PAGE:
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February 25, 2021

Sara Johnson, Associate Professor of Literature, UC San Diego
"Between the Archive and the Speculative Turn: Notes toward a Biography of Moreau de Saint-Méry.”

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March 11, 2021

Jenna Gibb, Associate Professor of History, Florida International University
"Protesting Slavery, Asserting Freedom, and Defying Racism at the African Grove Theatre in New York in the early 1820s."

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SPRING EVENTS 2021

All events will be held virtually on Zoom, Thursdays from 12:30pm to 2:00pm unless otherwise noted. * Outside Events.


April 15, 2021

Barbara Krauthamer, Associate Professor of History, UMass Amherst


FALL EVENTS 2020

All events will be held virtually on Zoom, Thursdays from 12:30pm to 2:00pm unless otherwise noted. * Outside Events.


September 18, 2020*

The Early Modern Global Caribbean Conference, Huntington Library

September 25, 2020*

Book Chat
Becoming Free, Becoming Black: Race, Freedom, and Law in Cuba, Virginia, and Louisiana by Alejandro de la Fuente and Ariela J. Gross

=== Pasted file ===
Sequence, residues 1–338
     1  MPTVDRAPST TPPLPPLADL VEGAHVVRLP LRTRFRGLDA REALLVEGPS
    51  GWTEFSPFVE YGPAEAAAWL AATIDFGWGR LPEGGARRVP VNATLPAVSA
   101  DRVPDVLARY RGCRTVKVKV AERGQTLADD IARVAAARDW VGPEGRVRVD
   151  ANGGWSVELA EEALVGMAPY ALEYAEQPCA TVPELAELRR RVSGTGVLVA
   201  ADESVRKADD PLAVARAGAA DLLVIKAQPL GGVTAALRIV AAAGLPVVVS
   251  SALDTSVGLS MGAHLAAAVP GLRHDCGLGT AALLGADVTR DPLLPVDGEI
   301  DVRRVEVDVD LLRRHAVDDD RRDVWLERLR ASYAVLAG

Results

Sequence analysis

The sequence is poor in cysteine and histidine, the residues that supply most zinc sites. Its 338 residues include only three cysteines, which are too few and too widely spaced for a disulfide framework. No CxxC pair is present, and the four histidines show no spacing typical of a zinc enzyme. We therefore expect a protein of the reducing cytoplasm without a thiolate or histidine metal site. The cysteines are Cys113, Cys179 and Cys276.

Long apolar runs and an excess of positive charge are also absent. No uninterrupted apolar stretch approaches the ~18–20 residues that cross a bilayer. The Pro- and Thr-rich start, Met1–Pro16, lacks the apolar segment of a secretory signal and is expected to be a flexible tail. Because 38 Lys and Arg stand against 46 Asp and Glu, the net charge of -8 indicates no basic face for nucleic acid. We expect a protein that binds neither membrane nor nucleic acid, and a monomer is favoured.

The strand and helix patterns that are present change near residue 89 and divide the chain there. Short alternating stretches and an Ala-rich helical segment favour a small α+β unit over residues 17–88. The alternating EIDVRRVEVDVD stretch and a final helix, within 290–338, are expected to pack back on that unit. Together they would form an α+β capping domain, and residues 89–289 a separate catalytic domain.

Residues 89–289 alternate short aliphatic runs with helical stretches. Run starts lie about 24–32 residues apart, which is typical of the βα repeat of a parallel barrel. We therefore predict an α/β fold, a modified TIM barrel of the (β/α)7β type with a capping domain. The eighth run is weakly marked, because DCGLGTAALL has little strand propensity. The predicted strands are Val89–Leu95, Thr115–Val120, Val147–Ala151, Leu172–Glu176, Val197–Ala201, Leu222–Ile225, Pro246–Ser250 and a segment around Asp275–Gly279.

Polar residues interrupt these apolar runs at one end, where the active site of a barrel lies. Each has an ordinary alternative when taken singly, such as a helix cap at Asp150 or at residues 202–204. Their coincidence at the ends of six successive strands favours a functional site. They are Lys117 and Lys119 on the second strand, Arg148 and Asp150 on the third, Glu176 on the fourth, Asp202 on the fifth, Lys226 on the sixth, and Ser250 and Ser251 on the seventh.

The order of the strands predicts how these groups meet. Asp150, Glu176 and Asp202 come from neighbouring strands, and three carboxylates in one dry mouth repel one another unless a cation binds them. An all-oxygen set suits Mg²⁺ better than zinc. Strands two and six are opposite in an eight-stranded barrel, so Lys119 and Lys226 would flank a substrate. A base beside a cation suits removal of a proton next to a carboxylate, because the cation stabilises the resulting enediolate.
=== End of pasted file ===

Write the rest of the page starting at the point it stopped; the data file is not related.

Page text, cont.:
October 29, 2020

Alejandra Dubcovsky, Associate Professor of History, UC Riverside
"Iquenibilahacu, iquibitila, Killed but not Extinguished, Centering Native Women in the Early South."

In 1695 a Chacato woman was killed far from home and kin. Who was this woman? How did she manage to travel so far? Why was she murdered? This talk explores the life and death of this unnamed Chacato woman. She offers a surprising and quite different view of the contested colonial world she both inhabited and helped shape. She disappears as quickly as she appears in discussions about community, social breakdown, order, balance, and family. She reveals intimate, at times even tactile, understanding of the interpersonal relations that defined her life, which unfolded in the simultaneity of empire building and colonial conflict. Allowing her to tell her story relies on the available colonial documents but refuses to let them dictate the terms of historical engagement. Her violent death, the trial that followed, and the many uncertainties that surrounded both, show how Native women were a central force in the making and unmaking of the early Southeast.

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November 6-7, 2020*

Cuban Slavery and the Atlantic World, The MacMillan Center of Yale University